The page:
East Lansing residents gathered at the Hannah Community Center Performing Arts Theater to make their voices heard on police-community relations.
“I just wanted to hear how the East Lansing police are seeing the environment and public policing; particularly with race and the amount of violence that hasn’t hit East Lansing, but I’m concerned about it,” Department of Public Health consultant Barbara Derman said.
One of the main concerns was racial profiling and discrimination.
“I’ve been stopped by the East Lansing police. Everywhere I have lived I have been stopped and questioned,” MSU english film studies professor Jeffrey C. Wray said.
Wray said he was even pulled over while riding his bike in East Lansing.
“Old men like me should not be getting pulled over on my bike,” he said.
Wray’s two sons, who are also residents of East Lansing, have been subject to racial profiling traffic stops.
“Ask your white friends how many times they have been stopped,” he said to his sons.
The chief of the East Lansing police explained that police officers are trained all the time and that they received bias training a couple months ago.
“If you’re stopping someone because of their skin color or the type of vehicle they are driving or any other reason that’s not a legal criminal reason to stop someone or a traffic violation that’s profiling and it’s discriminatory,” ELPD Chief Jeff Murphy said.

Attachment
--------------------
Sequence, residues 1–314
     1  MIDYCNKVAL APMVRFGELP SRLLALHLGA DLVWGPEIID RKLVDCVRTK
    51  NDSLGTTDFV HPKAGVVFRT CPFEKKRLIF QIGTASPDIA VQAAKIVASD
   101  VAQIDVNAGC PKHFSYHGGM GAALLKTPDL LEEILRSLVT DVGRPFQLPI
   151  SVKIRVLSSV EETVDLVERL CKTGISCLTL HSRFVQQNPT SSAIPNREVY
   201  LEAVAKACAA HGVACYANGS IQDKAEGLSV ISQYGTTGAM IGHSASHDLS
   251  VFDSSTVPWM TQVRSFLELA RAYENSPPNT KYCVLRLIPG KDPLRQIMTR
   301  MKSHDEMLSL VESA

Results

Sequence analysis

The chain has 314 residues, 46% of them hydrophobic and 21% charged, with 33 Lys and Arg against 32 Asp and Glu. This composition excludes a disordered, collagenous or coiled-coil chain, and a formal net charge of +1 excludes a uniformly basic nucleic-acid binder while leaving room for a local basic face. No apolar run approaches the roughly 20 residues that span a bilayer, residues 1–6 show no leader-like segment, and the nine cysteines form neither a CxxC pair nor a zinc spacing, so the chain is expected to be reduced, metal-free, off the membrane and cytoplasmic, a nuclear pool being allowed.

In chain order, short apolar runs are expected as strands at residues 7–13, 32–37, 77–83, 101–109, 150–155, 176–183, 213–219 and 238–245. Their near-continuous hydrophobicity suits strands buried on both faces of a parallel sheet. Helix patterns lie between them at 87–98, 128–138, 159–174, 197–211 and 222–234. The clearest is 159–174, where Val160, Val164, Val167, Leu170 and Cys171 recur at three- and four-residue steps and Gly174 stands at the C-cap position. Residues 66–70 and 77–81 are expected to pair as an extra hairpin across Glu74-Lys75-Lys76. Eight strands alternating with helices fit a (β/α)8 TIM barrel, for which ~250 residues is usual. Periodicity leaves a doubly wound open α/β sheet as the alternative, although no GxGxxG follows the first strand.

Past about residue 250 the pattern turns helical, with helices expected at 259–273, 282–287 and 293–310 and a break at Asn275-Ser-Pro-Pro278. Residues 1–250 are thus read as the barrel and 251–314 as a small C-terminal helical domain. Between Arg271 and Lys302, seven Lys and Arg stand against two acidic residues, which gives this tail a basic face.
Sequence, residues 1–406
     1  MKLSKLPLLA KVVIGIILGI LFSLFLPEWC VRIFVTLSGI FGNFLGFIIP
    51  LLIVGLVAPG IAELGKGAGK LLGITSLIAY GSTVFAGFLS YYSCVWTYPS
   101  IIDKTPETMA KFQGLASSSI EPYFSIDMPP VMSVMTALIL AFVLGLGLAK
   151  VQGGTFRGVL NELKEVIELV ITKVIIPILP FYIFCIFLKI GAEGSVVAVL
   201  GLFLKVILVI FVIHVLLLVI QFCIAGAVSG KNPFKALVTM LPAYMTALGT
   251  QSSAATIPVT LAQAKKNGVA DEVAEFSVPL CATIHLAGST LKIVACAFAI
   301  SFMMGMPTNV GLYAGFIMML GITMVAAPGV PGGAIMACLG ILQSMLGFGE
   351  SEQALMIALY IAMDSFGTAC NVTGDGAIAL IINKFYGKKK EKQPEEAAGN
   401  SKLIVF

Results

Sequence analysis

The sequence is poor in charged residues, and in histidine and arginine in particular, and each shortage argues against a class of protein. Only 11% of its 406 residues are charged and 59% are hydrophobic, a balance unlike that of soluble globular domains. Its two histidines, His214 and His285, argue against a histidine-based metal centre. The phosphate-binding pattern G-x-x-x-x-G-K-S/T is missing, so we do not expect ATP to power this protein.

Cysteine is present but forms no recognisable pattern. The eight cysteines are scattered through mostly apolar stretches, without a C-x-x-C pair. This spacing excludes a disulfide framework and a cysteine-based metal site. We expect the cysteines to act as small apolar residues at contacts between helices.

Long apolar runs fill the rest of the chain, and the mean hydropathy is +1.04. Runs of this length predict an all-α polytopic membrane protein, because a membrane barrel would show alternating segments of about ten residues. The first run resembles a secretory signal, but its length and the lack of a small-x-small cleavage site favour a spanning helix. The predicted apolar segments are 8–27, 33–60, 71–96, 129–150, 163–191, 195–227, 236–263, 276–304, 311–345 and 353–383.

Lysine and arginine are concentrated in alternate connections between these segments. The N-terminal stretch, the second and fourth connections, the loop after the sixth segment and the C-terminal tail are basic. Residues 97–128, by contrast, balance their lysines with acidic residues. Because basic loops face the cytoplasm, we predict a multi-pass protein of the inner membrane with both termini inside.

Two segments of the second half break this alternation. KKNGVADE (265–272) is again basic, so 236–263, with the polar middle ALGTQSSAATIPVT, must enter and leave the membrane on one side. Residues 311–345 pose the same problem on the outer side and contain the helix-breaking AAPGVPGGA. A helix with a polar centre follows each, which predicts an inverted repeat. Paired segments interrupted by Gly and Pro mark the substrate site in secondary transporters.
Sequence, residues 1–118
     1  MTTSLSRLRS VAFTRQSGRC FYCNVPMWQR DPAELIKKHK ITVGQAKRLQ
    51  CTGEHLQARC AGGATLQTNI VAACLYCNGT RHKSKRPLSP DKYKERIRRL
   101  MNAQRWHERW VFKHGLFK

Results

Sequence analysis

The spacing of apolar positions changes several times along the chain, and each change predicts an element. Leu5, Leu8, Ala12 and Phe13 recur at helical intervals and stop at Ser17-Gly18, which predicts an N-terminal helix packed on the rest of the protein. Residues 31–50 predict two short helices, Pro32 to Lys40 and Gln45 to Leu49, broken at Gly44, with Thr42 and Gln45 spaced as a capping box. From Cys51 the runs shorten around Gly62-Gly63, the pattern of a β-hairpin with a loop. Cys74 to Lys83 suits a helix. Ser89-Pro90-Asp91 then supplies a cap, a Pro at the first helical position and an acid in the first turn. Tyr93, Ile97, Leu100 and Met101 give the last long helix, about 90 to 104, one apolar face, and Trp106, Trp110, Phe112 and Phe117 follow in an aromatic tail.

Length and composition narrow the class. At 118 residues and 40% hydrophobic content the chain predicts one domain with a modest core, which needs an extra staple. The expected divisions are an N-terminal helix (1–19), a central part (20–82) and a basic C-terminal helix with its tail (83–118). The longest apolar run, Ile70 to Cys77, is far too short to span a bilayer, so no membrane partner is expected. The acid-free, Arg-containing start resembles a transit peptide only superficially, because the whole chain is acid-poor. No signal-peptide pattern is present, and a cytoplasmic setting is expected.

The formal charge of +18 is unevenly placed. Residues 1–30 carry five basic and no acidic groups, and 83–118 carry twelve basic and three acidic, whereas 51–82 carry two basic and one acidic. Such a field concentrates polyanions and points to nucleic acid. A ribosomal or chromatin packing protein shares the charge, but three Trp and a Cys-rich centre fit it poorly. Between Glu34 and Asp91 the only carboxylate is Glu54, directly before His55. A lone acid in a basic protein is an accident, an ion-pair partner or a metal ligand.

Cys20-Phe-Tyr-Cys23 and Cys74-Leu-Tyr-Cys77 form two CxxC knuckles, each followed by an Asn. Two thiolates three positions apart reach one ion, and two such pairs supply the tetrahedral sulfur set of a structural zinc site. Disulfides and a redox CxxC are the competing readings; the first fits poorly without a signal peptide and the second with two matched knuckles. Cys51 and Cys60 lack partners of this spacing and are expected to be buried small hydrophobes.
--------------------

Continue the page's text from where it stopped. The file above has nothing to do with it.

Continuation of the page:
Dee Jordan, president of the Council of Graduate Students, said she was a victim of discrimination at a peaceful protest in East Lansing. She became emotional when telling the story of her encounter with the police during the protest.
After seeing a white man with a Confederate flag, Jordan and others began to peacefully protest. The white man called someone and asked them to bring a gun. In that moment Jordan became fearful.
She called the ELPD immediately. When they arrived she felt a sense of relief.
“Thank goodness you are here,” she said to the police.
Jordan said the police officer walked up close, looked down at her and said If you’re scared, go home.
“No compassion was shown to me,” she said.
The same police officer approached the white woman next to Jordan in a different manner. He asked politely if everything was OK and if she was OK.
“I as an educated black woman did nothing but exercise my civil duty,” Jordan said.
The white woman started a complaint with ELPD and Jordan sent in a letter.
Jordan received a letter in response to her complaint and it said the officer was found to have done no wrong. It was signed by Murphy.
“How could you sign off on that?” Jordan asked.
Murphy told Jordan that the police officer said she was getting irrational.
“More than likely you’re going to choose the officer’s side,” panelist Derrell Slaughter said to Murphy.
Jordan said the officer has a laundry list of complaints on him and still works for ELPD.
“No matter what position I hold I’m still just a black girl,” she said.
She then swiftly walked out of the forum and began to cry.
“There has to be a lot more done to build trust between police and the community,” Black Lives Matter Lansing Co-Founder LaShawn Erby said.
Wray credits Black Lives Matter for driving conversations like the ones at the ELPD forum.
“These forums would not be without Black Lives Matter,” he said.
Murphy and Sgt. James Campbell, two representatives from ELPD, said they heard everything the community had to say at the forum and hopes to fix these issues moving forward.